For centuries, farming and small businesses shaped North Carolina's economy. As other states boomed, North Carolina's more agrarian focus left it economically stagnant. But that image is quickly changing to one of rapidly growing businesses, low unemployment and big money associated with high-tech industries.North Carolina is no longer solely characterized by its once endless tobacco fields, hog farms and reliance on agriculture. It is becoming a mecca for the technologically savvy.

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UNC Puts Its Money on Genomics Research

UNC could be teetering on the precipice of a scientific breakthrough of extraordinary proportions.Thanks to $245 million in public and private funding and a dedicated research team headed by Dr. Terry Magnuson, UNC is at the forefront of what promises to be a revolution in the field of genomics. Chancellor James Moeser announced the University's commitment to genomics research in February 2001, hoping to make UNC a leading figure in genomics -- a budding field that could change the face of modern medicine. And Magnuson said the time is ripe for a surge in genomic discoveries.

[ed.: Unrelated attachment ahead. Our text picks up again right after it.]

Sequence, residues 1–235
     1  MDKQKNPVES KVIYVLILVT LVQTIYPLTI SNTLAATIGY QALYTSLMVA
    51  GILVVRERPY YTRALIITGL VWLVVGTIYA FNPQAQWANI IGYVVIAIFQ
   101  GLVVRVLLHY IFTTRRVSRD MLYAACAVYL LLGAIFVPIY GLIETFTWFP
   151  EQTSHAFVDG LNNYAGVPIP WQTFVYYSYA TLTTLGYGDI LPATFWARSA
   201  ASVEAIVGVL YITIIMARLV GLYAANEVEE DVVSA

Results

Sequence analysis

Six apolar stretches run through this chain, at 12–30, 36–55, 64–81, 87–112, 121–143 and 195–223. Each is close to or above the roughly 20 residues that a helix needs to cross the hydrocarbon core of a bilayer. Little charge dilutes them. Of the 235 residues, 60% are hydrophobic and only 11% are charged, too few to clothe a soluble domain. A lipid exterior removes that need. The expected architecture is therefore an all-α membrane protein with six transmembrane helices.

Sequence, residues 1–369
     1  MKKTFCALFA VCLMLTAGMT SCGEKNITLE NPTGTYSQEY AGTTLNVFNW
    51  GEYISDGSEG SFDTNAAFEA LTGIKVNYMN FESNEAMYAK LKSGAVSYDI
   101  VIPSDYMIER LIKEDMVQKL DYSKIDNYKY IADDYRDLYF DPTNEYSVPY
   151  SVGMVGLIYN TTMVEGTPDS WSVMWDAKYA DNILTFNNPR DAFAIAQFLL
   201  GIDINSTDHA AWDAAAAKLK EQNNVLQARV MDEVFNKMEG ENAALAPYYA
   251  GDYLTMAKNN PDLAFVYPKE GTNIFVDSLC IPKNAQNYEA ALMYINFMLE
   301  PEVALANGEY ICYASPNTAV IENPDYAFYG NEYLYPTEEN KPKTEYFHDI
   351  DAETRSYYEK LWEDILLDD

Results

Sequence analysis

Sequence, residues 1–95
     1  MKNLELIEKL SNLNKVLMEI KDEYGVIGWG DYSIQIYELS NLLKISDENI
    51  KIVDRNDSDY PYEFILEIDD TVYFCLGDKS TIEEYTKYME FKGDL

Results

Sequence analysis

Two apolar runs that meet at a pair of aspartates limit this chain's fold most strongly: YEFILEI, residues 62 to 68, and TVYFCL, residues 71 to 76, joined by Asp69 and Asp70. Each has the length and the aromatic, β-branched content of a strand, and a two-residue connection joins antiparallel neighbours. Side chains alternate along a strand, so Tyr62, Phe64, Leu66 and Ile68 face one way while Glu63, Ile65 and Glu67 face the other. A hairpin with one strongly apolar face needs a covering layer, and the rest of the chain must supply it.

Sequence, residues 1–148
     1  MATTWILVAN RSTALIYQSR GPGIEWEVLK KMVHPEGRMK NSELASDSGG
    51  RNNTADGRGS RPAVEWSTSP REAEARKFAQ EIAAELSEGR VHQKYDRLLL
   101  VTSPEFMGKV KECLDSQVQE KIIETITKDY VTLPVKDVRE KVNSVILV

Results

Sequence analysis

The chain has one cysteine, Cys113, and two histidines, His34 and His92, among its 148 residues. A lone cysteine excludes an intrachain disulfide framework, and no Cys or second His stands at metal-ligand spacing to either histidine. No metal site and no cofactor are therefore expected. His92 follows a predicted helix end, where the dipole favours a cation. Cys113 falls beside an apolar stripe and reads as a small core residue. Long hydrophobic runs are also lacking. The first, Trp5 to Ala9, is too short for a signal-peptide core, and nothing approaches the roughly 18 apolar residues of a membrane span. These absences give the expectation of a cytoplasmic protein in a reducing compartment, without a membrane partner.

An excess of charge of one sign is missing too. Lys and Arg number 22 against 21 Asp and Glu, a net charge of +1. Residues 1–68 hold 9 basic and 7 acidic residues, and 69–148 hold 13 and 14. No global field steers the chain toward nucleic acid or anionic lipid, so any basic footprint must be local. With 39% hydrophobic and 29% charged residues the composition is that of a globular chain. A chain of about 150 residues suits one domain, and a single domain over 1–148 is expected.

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Young Calls for Special Election To Fill Congress

Complaints about the large number of vacant seats in Student Congress prompted Student Body President Justin Young on Tuesday to call for a special election to be held next month.The election, which Young proposed for May 1, will aim to fill the 14 open seats in Congress."Congress came to me concerned about the empty seats," Young said. "When there are that many holes, there are problems with representation.

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UNC Plan Provokes Commissioners' Concerns

The Orange County Board of Commissioners voiced concerns Tuesday that University plans to expand could strain schools, the transit system and the environment.UNC officials presented the board with the plan for the development of the 979-acre Horace Williams land tract, which is expected to include research, commercial and residential facilities. The commissioners cited county concerns, such as transportation and school growth, as key factors UNC officials should consider when planning the proposed expansion.